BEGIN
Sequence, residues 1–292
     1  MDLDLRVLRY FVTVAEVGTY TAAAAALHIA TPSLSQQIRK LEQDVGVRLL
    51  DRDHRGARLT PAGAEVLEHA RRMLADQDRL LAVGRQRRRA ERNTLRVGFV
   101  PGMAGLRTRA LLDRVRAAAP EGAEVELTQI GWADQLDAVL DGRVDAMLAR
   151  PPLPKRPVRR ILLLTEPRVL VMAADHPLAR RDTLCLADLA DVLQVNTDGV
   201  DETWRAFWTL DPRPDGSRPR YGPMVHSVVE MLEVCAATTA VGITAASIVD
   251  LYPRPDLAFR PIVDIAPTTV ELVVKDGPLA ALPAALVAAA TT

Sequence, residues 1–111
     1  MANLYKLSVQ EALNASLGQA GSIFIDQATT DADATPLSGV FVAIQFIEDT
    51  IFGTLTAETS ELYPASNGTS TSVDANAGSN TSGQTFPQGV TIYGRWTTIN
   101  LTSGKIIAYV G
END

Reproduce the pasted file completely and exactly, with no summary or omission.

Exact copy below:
Sequence, residues 1–292
     1  MDLDLRVLRY FVTVAEVGTY TAAAAALHIA TPSLSQQIRK LEQDVGVRLL
    51  DRDHRGARLT PAGAEVLEHA RRMLADQDRL LAVGRQRRRA ERNTLRVGFV
   101  PGMAGLRTRA LLDRVRAAAP EGAEVELTQI GWADQLDAVL DGRVDAMLAR
   151  PPLPKRPVRR ILLLTEPRVL VMAADHPLAR RDTLCLADLA DVLQVNTDGV
   201  DETWRAFWTL DPRPDGSRPR YGPMVHSVVE MLEVCAATTA VGITAASIVD
   251  LYPRPDLAFR PIVDIAPTTV ELVVKDGPLA ALPAALVAAA TT

Sequence, residues 1–111
     1  MANLYKLSVQ EALNASLGQA GSIFIDQATT DADATPLSGV FVAIQFIEDT
    51  IFGTLTAETS ELYPASNGTS TSVDANAGSN TSGQTFPQGV TIYGRWTTIN
   101  LTSGKIIAYV G